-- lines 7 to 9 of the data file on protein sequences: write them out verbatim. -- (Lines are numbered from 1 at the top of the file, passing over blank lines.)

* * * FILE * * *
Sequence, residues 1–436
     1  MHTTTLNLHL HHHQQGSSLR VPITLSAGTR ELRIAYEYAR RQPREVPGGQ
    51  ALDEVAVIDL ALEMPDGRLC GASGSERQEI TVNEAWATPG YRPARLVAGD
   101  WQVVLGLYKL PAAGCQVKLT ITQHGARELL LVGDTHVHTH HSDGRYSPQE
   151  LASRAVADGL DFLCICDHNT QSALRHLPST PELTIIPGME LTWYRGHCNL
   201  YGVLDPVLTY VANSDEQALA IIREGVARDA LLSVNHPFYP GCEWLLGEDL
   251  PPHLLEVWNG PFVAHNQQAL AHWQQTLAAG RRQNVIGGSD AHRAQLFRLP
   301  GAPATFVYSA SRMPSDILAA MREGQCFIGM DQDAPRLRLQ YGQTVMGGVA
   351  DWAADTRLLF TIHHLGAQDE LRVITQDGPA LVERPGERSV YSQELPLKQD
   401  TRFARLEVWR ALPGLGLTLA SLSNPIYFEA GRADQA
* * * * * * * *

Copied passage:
   251  PPHLLEVWNG PFVAHNQQAL AHWQQTLAAG RRQNVIGGSD AHRAQLFRLP
   301  GAPATFVYSA SRMPSDILAA MREGQCFIGM DQDAPRLRLQ YGQTVMGGVA
   351  DWAADTRLLF TIHHLGAQDE LRVITQDGPA LVERPGERSV YSQELPLKQD